Some powerful images are used in this campaign for the Swedish cancer society. If you see them you will realise that life is beautiful. The people in these pictures are all cancer survivors, they are enjoying every moment of their life, even the lesser ones.
St Matthew in the City is a church in Auckland, New Zealand. It has openly supported the All Blacks for years. For the ones who don’t know, the All Blacks is the national rugby team of New Zealand. A perfect location for a billboard with an ambiguous look. The 1987 refers to the All Blacks victory in the first World Cup in 1987.
In memory of Steve Jobs we would like to share the story of one of the most successful campaigns in the history of advertising. It’s the story of Apple’s ‘Think different’ campaign. We are not only talking about an original idea or a beautiful ad, the campaign actually worked, and how… During the 90’s Apple was in a crisis, and with only one campaign they have managed to climb out of this slump. Steve Jobs once said: “It only took 15 . . . 30 . . . maybe 60 seconds to re-establish Apple’s counter-culture image that it had lost during the 90s”.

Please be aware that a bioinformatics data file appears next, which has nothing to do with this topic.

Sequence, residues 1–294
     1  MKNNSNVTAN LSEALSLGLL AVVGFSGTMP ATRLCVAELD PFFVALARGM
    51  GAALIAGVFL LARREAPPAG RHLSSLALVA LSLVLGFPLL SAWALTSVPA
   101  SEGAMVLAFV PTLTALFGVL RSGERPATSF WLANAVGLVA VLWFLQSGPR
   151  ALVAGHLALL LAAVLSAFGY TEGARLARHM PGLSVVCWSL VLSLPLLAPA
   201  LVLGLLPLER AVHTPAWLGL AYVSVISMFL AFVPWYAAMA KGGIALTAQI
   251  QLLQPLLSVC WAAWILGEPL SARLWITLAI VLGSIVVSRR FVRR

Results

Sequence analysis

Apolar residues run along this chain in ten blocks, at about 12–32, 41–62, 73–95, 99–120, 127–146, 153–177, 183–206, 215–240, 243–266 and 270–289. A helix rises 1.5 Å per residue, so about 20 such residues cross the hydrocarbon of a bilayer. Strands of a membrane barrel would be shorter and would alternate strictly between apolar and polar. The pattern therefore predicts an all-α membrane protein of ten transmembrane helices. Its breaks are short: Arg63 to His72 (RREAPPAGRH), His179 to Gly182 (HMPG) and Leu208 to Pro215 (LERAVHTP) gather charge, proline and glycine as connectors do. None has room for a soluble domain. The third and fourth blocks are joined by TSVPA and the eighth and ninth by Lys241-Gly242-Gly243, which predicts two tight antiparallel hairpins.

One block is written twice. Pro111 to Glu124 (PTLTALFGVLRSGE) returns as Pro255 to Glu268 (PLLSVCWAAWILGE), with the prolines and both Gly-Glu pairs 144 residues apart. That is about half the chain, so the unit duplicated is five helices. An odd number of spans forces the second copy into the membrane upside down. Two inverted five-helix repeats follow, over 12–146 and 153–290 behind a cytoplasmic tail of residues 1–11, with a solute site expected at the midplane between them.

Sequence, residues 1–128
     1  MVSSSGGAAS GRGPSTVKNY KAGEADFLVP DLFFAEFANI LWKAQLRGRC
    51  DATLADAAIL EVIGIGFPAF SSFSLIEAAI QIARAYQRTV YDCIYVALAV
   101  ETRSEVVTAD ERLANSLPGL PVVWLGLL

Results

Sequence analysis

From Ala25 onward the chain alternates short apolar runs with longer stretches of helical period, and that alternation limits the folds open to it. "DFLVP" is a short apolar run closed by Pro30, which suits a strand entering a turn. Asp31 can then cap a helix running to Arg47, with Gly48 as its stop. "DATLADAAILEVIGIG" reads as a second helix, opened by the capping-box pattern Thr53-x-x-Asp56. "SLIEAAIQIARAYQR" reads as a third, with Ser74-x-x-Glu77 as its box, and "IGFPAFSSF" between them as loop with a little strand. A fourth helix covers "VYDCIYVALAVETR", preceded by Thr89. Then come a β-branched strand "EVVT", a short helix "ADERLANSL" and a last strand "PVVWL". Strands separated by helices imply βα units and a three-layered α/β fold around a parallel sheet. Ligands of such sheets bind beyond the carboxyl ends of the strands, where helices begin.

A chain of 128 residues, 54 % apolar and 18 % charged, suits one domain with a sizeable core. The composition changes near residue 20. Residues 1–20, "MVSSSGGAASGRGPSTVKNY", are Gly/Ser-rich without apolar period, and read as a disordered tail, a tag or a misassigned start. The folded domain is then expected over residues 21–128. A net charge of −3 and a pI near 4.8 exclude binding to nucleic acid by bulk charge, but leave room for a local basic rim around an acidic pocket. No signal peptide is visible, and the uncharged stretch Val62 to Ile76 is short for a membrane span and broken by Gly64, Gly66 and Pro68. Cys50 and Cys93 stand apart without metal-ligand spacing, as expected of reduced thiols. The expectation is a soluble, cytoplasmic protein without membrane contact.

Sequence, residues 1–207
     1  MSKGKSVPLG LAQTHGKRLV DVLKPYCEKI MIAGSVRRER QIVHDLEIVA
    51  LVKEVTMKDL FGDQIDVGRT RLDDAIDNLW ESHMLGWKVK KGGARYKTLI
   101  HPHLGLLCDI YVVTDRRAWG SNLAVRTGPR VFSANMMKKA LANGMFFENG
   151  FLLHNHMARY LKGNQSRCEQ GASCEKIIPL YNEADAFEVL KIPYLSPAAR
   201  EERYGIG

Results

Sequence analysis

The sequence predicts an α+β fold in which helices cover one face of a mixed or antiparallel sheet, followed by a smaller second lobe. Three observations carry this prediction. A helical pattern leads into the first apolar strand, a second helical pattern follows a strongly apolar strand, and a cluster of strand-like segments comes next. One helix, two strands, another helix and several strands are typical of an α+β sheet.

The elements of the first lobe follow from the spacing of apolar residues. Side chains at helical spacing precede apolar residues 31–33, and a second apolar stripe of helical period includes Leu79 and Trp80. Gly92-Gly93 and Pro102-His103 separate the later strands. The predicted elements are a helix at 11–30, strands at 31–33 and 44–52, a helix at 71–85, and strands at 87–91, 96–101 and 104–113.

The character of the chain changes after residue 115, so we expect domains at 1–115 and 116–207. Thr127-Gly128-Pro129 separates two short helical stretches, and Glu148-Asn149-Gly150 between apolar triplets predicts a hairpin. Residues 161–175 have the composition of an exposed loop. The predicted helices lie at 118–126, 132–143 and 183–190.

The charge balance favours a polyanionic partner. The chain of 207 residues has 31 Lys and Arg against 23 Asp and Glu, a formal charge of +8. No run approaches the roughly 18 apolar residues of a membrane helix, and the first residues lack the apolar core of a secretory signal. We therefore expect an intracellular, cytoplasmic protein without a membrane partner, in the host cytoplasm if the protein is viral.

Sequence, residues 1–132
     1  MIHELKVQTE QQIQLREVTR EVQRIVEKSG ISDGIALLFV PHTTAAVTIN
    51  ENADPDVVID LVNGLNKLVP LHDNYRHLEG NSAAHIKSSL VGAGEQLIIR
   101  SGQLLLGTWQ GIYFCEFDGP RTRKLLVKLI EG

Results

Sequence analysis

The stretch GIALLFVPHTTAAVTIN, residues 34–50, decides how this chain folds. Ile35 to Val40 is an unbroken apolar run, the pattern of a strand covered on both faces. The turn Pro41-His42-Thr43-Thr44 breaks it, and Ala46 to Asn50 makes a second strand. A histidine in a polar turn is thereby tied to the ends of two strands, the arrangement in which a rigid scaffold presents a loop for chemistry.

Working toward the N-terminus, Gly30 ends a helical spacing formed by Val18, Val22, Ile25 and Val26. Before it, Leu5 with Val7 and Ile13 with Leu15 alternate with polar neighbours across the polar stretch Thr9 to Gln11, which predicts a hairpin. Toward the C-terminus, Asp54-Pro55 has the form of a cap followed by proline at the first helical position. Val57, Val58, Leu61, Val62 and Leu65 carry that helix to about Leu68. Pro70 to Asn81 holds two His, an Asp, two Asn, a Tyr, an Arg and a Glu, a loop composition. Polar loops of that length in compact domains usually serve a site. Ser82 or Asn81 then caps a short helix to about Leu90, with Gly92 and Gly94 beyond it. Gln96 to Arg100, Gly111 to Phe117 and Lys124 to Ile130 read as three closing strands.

Here you can see the television ad, but make sure you click continue to read the entire story and to see the amazing print campaign.
Here’s a funny video from Heineken. Olaf Elsonson, chairman of the Swedish Academy anounces that Heineken Vriesglas is nominated for the Physics Nobel Prize. With vriesglas Heineken refers to the special designed glass that keeps a beer cold.
RASA (The Paper Recycling Association of South Africa) is an organization that is promoting a culture of recycling in South Africa. They offer recycling services to companies and promotes the concept of reuse, deduce, recycle and recover via education and awareness campaigns.
The tagline that goes along with this print campaign is: 1 tree produces 8500 sheets of paper. 8500 sheets of paper don’t produce oxygen, shade, home or food. All the more reason to use paper wisely and recycle.”
Absolut Vodka made some blank silhouettes of their iconic bottle. Artists were invited to turn these silhouettes into their own personal works of art. The results were presented on the streets. Street art meets advertising.